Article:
In her op-ed McCarthy said she was branded anti-vaccine by, “Blatantly inaccurate blog posts about my position have been accepted as truth by the public at large as well as media outlets (legitimate and otherwise), who have taken those false stories and repeatedly turned them into headlines.”
Her story was published as the U.S. measles outbreak now stands at 51 cases. Last year measles was at a 17-year high in the United States, with 189 cases. Measles is a highly contagious disease spread through the air.
Many children are too young to be vaccinated against it, and some groups, like children with such development disorders as cerebral palsy, are too vulnerable to be vaccinated themselves. They rely on herd immunity, which means the rest of the population should be at least 95 percent vaccinated against preventable diseases like measles, mumps, whooping cough, polio and meningitis.
Chili’s is celebrating National Autism Awareness Month by donating 10 percent of its profits to an anti-vaccination group.
More than 1,200 Chili’s restaurants are participating in a fundraiser for the non-profit National Autism Association, which advocates parents not vaccinating their children because it triggers autism.
“While mainstream science discounts vaccinations as a cause, members of the National Autism Association feel vaccinations have triggered autism in a subset of children, and that an overly aggressive vaccination schedule coupled with toxic adjuvants in vaccines could affect individuals who have a family history of autoimmune disorders specifically,” the group says on its website.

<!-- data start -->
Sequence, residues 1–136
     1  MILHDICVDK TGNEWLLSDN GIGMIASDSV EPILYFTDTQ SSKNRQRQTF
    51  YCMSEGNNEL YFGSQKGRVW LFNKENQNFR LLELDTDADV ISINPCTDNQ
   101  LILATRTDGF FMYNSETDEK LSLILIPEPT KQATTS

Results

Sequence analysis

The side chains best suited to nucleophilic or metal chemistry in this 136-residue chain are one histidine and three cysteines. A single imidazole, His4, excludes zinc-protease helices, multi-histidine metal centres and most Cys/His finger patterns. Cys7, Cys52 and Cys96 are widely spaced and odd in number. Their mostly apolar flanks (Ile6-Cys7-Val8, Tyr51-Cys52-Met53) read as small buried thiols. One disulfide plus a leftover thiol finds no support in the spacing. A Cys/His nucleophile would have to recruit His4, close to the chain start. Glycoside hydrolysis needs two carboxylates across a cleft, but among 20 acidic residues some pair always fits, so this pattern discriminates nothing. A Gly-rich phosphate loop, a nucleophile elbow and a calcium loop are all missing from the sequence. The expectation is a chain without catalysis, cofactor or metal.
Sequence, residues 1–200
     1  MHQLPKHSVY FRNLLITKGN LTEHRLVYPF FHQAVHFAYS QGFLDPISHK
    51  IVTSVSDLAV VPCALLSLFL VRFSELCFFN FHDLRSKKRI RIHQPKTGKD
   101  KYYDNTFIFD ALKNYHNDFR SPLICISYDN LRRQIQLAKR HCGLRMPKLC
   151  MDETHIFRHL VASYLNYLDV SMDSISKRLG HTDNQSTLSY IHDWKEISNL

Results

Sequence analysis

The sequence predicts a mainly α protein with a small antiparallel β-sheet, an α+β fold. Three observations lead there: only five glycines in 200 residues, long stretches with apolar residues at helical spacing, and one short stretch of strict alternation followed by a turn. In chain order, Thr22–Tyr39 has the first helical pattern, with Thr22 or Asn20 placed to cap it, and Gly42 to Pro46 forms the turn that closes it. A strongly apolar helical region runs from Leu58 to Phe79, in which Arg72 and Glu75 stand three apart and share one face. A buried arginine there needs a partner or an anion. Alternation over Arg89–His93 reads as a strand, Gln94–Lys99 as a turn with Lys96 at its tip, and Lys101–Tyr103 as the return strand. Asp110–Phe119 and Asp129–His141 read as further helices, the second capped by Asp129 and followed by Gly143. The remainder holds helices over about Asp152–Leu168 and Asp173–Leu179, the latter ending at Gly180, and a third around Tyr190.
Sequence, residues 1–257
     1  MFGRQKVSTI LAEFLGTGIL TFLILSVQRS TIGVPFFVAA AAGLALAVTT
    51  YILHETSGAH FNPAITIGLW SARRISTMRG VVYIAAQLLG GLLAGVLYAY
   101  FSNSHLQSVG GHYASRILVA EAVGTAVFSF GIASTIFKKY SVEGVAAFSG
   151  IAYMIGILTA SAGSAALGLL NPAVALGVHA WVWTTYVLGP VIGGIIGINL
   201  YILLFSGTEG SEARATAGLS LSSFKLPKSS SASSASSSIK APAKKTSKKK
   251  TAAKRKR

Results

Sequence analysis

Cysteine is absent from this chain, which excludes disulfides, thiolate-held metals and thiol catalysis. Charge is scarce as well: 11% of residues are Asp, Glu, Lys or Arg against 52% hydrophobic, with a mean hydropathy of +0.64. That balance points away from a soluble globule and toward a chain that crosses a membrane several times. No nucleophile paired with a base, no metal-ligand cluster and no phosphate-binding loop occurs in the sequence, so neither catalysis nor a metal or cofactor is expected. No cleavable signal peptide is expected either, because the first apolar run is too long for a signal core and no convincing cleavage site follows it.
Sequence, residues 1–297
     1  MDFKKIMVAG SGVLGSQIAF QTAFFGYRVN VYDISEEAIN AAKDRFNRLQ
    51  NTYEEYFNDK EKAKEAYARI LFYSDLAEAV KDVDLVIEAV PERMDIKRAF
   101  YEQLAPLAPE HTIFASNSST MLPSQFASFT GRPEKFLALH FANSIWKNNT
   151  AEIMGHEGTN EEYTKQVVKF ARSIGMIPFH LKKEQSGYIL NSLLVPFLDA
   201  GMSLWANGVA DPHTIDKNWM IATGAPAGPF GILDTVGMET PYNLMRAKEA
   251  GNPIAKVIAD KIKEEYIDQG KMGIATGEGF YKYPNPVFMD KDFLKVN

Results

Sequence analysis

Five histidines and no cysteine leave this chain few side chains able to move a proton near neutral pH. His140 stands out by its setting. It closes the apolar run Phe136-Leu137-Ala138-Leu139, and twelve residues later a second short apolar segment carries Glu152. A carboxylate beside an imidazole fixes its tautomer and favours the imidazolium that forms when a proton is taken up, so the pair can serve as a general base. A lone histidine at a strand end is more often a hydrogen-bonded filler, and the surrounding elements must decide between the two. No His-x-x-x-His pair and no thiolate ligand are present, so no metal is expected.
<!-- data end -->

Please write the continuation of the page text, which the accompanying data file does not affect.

The nonprofit says, “Vaccinations can trigger or exacerbate autism in some, if not many, children, especially those who are genetically predisposed to immune, autoimmune or inflammatory conditions."
The one and only study that supported the connection between autism and vaccination was published in the journal Lancet in 1998 and was debunked when it could not be replicated by any other scientists. In 2004, the journal itself backed off, stating that the data had been misinterpreted in the study.
There are 49 cases of measles in California so far this year and 20 cases in New York City.
NAA reportedly sponsors a website called “Age of Autism,” which is virulently anti-vaccination.
Chili’s responded to criticism of the campaign via Facebook: “The intent of our 4/7 National Give Back Event is not to express a view on this matter, but rather to support the families affected by autism. Our choice to partner with the National Autism Association was based on the percentage of donations that would go directly to providing financial assistance to families and supporting programs that aid the development and safety of children with autism. We sincerely appreciate all of the feedback we’ve heard on this topic.”
After a long court battle, a father has won the right to vaccinate his children.
The case was brought to Sydney’s Family Court when the children’s father, Mr. Randall, decided his son, 14, and daughter, 12, were missing out on extra-curricular activities because they did not have the required vaccinations.
The children’s mother, using the pseudonym Ms. Duke-Randall, was opposed to her children receiving vaccinations.
When Mr. Randall and Ms. Duke-Randall were married he agreed with her anti-vaccination stance in order to keep “peace in the household.” Since their divorce in 2011 he has changed his mind.